Chat Summary – Job Hunting
1) How did you find your current job?
A number of sources were mentioned for how people had located their current and past jobs. Personal networks were mentioned along with CILIP’s LIS Jobs Service, Jobsite.co.uk, the SLA Europe jobs board and the Library Career Centre. Several people also mentioned internal promotions or continuing in the same organisation.
Recruitment agencies were also discussed, with mixed results and opinions. Some stories were given where people had gained fixed term project work agencies, but no personal successes of long term work being secured were shared. Participants did share comments explaining that the people they had dealt with at the agencies were friendly, and had put them forward for positions though. Some felt that perhaps those more senior in the profession tended to have more luck in sourcing work via specialist LIS agencies than New Professionals.
LISNPN was also cited as a valuable network for finding out about new opportunities.
2) Has your experience and background influenced the jobs you got? (e.g. the sector you work in)
Responses to this question varied depending on the sector that people worked in. Those working in public and HE libraries said that sector specific experience had definitely helped them to secure their job. Special libraries (law etc) seemed more willing to take those without sector specific experience as it was felt that terminology can be picked up in a role.
Past contacts and acquaintances were deemed to be important – this doesn’t mean obtaining a job through nepotistic means, but using them to locate and find out about new roles and positions, asking for help preparing for interviews, and running application forms past them for proof reading.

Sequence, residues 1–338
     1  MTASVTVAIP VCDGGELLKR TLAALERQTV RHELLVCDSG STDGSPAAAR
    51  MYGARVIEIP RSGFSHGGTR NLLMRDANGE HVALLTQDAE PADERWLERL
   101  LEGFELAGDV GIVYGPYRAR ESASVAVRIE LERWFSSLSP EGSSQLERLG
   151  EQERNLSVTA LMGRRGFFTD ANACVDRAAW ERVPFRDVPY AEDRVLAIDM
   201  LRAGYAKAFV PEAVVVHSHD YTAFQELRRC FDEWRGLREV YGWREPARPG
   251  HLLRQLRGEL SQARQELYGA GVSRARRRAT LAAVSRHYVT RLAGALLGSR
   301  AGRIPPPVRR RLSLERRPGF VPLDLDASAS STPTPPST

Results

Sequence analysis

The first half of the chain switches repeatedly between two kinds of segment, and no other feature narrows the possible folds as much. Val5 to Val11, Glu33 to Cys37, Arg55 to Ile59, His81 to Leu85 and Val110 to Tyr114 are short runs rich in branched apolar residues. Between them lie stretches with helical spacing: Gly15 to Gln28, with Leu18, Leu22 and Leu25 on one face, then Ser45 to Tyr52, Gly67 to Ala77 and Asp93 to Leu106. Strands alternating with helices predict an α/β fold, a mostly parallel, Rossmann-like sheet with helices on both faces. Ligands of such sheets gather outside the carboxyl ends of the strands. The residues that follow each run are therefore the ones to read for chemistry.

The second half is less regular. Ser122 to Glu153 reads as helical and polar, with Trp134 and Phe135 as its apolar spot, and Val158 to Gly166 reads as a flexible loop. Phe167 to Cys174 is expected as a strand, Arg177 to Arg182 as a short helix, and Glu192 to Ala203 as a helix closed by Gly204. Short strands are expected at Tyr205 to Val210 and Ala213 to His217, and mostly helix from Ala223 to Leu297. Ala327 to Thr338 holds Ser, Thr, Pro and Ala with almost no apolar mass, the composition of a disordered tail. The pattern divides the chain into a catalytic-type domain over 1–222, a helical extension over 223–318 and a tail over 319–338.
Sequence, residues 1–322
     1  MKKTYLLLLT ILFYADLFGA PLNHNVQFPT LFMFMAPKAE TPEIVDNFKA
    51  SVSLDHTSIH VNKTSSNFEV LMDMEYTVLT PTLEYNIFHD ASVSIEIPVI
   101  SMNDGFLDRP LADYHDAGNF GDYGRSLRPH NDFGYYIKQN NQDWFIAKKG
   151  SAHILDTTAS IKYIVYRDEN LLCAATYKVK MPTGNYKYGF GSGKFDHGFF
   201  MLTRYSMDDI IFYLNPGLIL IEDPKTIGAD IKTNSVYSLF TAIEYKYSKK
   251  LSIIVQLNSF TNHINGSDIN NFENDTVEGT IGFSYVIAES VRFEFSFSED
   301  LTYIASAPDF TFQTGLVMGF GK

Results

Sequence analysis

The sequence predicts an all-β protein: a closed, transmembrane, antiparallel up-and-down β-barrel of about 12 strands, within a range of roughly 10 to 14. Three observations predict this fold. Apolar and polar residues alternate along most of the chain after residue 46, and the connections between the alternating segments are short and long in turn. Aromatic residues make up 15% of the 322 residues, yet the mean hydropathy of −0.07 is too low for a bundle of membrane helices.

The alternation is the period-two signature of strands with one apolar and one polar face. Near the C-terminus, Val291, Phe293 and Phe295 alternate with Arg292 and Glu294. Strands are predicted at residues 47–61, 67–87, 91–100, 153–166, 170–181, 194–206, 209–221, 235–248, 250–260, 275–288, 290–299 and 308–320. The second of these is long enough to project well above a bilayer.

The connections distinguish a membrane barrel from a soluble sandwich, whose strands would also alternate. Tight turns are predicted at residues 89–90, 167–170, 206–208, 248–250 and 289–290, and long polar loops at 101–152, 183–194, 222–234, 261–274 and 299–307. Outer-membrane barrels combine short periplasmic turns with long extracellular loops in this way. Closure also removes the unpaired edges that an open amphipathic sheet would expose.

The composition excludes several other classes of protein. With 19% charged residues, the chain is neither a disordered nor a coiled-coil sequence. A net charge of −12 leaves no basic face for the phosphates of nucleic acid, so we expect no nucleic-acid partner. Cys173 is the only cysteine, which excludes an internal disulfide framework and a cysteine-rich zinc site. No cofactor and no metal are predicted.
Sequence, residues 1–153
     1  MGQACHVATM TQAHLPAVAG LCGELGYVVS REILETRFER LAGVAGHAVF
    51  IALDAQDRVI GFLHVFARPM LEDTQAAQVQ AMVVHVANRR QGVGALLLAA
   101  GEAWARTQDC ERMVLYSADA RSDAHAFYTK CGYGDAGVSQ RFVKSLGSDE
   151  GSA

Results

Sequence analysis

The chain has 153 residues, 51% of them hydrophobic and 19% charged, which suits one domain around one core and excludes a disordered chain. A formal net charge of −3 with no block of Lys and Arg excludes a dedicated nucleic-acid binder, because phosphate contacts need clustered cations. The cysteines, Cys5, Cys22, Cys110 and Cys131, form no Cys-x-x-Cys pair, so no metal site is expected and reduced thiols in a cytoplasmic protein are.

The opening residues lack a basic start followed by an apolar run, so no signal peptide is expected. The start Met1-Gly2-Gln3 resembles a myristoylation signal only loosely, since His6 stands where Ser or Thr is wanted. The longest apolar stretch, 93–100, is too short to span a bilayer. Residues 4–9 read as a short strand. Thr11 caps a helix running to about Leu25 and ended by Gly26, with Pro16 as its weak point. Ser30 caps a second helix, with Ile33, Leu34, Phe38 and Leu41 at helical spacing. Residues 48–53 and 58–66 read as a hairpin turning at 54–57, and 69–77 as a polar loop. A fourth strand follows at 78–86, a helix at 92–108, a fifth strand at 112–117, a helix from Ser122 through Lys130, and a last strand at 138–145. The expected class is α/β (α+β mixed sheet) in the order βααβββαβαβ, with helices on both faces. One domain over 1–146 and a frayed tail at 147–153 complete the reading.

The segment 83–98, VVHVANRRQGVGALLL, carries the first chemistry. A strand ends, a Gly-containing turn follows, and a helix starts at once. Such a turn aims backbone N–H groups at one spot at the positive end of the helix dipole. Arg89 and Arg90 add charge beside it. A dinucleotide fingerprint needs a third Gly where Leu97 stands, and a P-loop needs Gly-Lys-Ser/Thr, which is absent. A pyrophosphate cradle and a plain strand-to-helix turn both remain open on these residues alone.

Some participants stated that having a library qualification was more important than sector knowledge. On-the-job experience was deemed to be often desired but not essential.
One statement explained that experience and career background can act as a foot in the door, and something to add to your application form/CV. It can help you to provide insight and stimulate comparisons and discussion during the interview stage.
2) Did you do any volunteer work in libraries first?
Firstly, it a differentiation between volunteering in libraries as short term work experience, and full time volunteering was made. The below comments refer to volunteering as short/fixed term work experience.
Some participants had volunteered, and found that it was an excellent was way to fill in skills gaps that were needed for promotions or new roles. It also provided a good way to gain sector specific experience when paid work couldn’t be found. Volunteer positions were found to be especially useful when in the lead up to, or process of applying for library courses as well as jobs.
Some had problems finding volunteer posts, as many organisations do not have the capacity to take them on. Where work was found, most voluntary positions were 2-3 weeks in duration.
Several participants had volunteered as part of their library school course – this was a useful exercise to see some different environments and to fill in those all essential job criteria gaps. One person’s volunteering placement led to a full time position – it therefore is a possible route to paid work!
Volunteer placements were mostly obtained via advertised posts and personal connections. CILIP was mentioned as a way to obtain contacts and the following site was recommended for work shadowing
3) What problems have you found with writing CVs or application forms? Do you have any tips?
Use short powerful language
Try to include key skills on your CV – but ensure that these address the job criteria!
If you are missing any criteria, explain why you are still applying, why you are missing them (are you currently working towards it, or are you able to offer another skill instead?)
Check the person specification! Now check it again! Adhere to it in your application.